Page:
On the history of content moderation and what it means for the future of free speech.Previously: "The Laborers Who Keep Dick Pics and Beheadings Out of Your Facebook Feed"
Famous people and the media have always needed each other. It has been a long, mutually beneficial (and mutually profitable) partnership. And it’s over.
The search for an Iraq veteran on the brink of suicide.
A murder case in Mississippi catches the eye of amateur sleuths on Facebook, who proceed to harass everyone involved in the case.
A French reporter went undercover as potential “caliphette” and recieved a marriage proposal from a senior ISIS commander.
How Facebook ‘likes’ landed Jelani Henry in Rikers.
An interactive fiction: a son and the illusion of his dead father; the intersection of technology and real life.
"Once I created his page I tried to return to my life. I was twenty-six years old, a man of inconsistent employment. During the winter I shoveled snow for the elderly. They paid me in germs and butterscotch candy. My landlord, an independently wealthy sexagenarian, accepted the candy as payment. She also insisted I tidy the complex. I changed light bulbs. I dusted the parking lot. I swept cigarette butts into the street. I clubbed the occasional beehive. My life was guarded and lonely, and susceptible, I soon discovered, to the distraction my father provided."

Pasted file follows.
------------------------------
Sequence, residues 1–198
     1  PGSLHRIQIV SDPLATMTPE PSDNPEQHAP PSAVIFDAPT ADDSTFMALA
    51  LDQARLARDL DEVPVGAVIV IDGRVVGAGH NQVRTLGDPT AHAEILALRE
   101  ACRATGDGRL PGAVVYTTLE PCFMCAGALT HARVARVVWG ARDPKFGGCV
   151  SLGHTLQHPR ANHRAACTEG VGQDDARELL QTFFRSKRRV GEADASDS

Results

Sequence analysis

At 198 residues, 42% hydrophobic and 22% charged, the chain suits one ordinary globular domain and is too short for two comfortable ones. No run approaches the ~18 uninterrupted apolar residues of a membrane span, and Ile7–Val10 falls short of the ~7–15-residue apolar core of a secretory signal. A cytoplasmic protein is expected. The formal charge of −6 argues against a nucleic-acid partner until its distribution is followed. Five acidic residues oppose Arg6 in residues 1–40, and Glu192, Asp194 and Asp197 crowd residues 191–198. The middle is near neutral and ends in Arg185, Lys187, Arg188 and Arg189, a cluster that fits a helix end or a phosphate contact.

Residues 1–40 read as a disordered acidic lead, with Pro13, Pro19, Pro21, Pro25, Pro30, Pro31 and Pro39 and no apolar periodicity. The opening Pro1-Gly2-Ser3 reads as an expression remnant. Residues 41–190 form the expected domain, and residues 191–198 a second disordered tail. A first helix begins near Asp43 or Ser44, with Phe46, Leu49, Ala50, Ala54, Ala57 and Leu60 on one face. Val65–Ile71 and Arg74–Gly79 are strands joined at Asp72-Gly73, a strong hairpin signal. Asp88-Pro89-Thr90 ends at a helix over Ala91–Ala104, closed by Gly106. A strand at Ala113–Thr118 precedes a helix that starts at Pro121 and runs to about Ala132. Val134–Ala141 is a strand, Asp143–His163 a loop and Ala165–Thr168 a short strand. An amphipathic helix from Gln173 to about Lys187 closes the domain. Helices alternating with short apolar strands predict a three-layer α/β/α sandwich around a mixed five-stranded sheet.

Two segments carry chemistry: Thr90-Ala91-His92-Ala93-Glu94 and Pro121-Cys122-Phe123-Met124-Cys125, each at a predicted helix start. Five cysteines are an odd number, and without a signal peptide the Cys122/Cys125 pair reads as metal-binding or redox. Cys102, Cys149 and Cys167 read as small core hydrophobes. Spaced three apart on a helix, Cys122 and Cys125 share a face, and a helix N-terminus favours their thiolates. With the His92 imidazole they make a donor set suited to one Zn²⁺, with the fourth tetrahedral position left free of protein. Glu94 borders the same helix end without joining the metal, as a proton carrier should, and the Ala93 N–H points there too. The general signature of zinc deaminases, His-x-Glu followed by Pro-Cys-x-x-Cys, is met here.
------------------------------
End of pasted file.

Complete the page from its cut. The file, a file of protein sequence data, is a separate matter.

A troubled wife's obsession with her husband's ex.
"I’d been researching generic articles on divorce for a long time, but never found anything that reminded me of Henry’s. They were young, but they weren’t as stupid as he seemed to say. They seemed to have really been in love. The picture he’d shown me was of them on a boat on a lake—a lake we’d been to, one we’d brought a picnic lunch to. They looked so happy and he looked so young, his hair not yet flecked with stray whites and grays."
The grim world of outsourced content moderation.
“There are people who are wired to be skeptics and there are people who are wired to be optimists. And I can tell you, at least from the last 20 years, if you bet on the side of the optimists, generally you’re right.’